We decided to spend a day in Ohrid before starting the long bus ride to North Serbia. Next morning we wanted to go to the bus station to buy the tickets so I asked a young woman in the street for directions. I really don’t like stereotypes but this was the first in a long row of bad experiences with Macedonian and Serbian people. Here’s our conversation, I remember every word:
– Excuse me, can you tell me the way to the bus station?
– You can’t just walk to the bus station. It’s too far. You need to take a cab.
And that was it. She turned away and left us there. It took seconds for us to register what happened.
Anyway, the second person we asked was much more helpful and we walked to the bus station in 15 minutes (it was that far). When the women in the ticket office heard we had bicycles, her smile disappeared and we had to ask two other companies but the last one could take us as far as Skopje next morning.
We spent the rest of the day walking in the old town and taking photos of the pretty Ottoman buildings that were nicely renovated. In the afternoon we even had time to swim a bit by the old port, where the water is deep and crystal clear.
Repairing bikes till the last moment
While Anita was making dinner, I prepared the bicycles. I decided to trash Aron’s bike rack and divide the contents of his panniers among ours. And I managed! Then I noticed his front tyre was flat again so I had to fix the inner tube in the hotel room. When I put back the wheel and I started to inflate it, the top of the valve broke off, meaning that if it had another puncture, it couldn’t be used any more.
On Friday morning we caught the bus and easily fit the three bikes in its storage area, though the driver frowned when he saw them. It took more than 3 hours to do the 200 km journey to the capital.I was surprised to see that lots of village and town names are signposted in Macedonian and Albanian; apparently, the western part of the country has a significant population of ethnic Albanians.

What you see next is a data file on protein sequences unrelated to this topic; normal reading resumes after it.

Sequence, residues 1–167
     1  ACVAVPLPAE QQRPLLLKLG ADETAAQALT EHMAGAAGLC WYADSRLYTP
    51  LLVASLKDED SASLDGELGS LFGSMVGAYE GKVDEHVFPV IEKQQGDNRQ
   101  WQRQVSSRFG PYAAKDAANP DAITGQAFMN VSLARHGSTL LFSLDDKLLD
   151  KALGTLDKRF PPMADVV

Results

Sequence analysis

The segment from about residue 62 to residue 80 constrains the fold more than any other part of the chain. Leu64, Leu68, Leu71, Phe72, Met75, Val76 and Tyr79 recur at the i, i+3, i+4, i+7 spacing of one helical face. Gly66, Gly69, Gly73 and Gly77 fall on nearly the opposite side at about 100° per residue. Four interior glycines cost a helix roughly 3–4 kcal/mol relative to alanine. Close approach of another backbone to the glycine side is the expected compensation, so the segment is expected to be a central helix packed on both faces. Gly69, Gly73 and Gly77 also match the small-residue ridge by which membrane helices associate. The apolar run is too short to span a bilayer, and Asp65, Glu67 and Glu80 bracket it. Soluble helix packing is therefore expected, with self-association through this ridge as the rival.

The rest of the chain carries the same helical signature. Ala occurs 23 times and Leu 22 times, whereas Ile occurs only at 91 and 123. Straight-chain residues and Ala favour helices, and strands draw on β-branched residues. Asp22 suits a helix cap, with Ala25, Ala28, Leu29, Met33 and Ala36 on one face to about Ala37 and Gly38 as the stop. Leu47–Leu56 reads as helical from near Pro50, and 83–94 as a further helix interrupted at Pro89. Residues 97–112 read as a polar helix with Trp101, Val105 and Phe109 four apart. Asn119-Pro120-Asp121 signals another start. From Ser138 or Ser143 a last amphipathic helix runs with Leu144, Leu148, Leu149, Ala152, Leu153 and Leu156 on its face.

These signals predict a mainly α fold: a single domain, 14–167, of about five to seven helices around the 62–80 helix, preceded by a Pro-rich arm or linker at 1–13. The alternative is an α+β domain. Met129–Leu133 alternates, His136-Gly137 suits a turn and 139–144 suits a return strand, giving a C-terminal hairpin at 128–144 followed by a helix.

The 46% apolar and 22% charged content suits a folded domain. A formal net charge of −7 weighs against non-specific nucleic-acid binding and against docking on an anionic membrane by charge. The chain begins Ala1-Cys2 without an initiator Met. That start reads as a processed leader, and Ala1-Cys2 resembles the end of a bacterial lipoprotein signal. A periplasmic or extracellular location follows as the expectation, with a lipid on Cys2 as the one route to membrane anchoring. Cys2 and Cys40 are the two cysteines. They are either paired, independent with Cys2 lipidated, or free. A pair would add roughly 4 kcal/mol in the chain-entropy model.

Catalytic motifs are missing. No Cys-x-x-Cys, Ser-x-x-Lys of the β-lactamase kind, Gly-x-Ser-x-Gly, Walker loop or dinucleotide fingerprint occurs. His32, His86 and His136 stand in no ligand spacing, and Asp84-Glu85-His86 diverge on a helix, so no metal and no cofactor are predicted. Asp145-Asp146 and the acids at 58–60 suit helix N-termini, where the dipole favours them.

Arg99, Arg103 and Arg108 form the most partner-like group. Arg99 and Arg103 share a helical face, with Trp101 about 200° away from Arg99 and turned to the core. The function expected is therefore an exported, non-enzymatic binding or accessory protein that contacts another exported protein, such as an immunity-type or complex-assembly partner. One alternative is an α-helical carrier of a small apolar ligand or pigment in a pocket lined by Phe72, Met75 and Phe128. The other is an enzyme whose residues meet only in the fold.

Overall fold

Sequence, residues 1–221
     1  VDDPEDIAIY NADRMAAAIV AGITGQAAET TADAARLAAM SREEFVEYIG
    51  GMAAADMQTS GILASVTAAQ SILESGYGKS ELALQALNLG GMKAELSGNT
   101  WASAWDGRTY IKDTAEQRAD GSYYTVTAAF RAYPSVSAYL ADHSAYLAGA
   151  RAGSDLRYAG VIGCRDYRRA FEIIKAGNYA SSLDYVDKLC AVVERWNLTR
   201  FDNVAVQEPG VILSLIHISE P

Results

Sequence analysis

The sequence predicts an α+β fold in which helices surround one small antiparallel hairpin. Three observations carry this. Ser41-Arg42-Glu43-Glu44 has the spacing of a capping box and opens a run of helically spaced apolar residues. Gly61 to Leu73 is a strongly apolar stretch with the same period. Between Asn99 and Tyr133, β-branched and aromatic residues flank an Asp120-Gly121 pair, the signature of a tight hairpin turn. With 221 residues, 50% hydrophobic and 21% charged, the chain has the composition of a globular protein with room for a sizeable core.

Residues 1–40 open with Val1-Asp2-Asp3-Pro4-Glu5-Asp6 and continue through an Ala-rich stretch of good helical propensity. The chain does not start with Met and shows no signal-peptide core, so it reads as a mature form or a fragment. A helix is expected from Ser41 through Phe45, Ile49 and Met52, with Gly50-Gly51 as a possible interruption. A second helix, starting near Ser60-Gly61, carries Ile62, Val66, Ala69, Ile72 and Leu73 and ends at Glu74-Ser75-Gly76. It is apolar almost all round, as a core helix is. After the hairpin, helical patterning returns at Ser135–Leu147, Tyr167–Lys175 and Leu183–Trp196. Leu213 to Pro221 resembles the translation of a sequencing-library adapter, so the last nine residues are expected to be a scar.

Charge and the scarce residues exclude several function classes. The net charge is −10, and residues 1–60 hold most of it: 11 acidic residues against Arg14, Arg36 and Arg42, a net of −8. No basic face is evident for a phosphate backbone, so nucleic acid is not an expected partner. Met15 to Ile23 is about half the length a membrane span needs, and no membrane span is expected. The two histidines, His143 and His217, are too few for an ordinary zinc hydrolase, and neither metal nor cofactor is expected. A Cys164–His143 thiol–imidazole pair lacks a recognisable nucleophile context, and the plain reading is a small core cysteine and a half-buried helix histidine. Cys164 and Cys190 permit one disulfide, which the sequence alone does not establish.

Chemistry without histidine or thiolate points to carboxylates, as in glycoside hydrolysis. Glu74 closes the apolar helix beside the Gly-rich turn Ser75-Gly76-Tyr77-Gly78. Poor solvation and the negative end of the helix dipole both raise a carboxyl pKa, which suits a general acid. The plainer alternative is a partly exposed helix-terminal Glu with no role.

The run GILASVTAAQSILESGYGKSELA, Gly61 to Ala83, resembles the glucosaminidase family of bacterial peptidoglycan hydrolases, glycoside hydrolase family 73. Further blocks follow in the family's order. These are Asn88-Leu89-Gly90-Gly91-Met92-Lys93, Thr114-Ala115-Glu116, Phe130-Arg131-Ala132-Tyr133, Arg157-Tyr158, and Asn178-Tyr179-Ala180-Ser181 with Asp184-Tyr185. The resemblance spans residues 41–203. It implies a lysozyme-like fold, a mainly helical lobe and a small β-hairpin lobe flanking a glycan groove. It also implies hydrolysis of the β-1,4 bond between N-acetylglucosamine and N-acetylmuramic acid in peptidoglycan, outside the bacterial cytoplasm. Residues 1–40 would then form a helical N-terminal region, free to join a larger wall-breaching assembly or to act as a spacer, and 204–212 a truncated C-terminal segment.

We had more trouble in Skopje with the bikes. When I asked the woman at the ticket office, her answer was that we couldn’t take bicycles in the bus and we should take the train, Then at the train station I was told that the fee for the bikes will be decided by the conductor in the train (there’s no fixed fee, I guess it’s the conductor private income).
When I returned to the bus station and asked again, another woman said I should find the driver and ask for his approval before I bought the tickets as there was no refund. So, to sum it up, if you want to carry a bicycle by bus in Macedonia (or Serbia), ask the driver first and buy the ticket next. Even then you can expect the bus conductor to hate you and your bike…
To cut it short, we finally arrived in Belgrade around 11 pm. I managed to charge my local SIM with some Serbian dinars with the help of a kind guy at a bus station (online payment didn’t work) so we had a hotel room waiting for us, though it meant cycling 6 km on the streets and bridges of the city at night.
The next day we rode back to the station and got on another bus to Subotica (Szabadka) in the north. This time we didn’t ask anyone just showed up and there was no problem at all. From there it was another 50 km back to Szeged, where our car was waiting for us.
In 6 weeks we visited 6 countries and though we spent all our money we came home so much richer with the memory of the amazing landscapes, the unforgettable adventures and, most of all, the friendships we made along the way with all those wonderful people.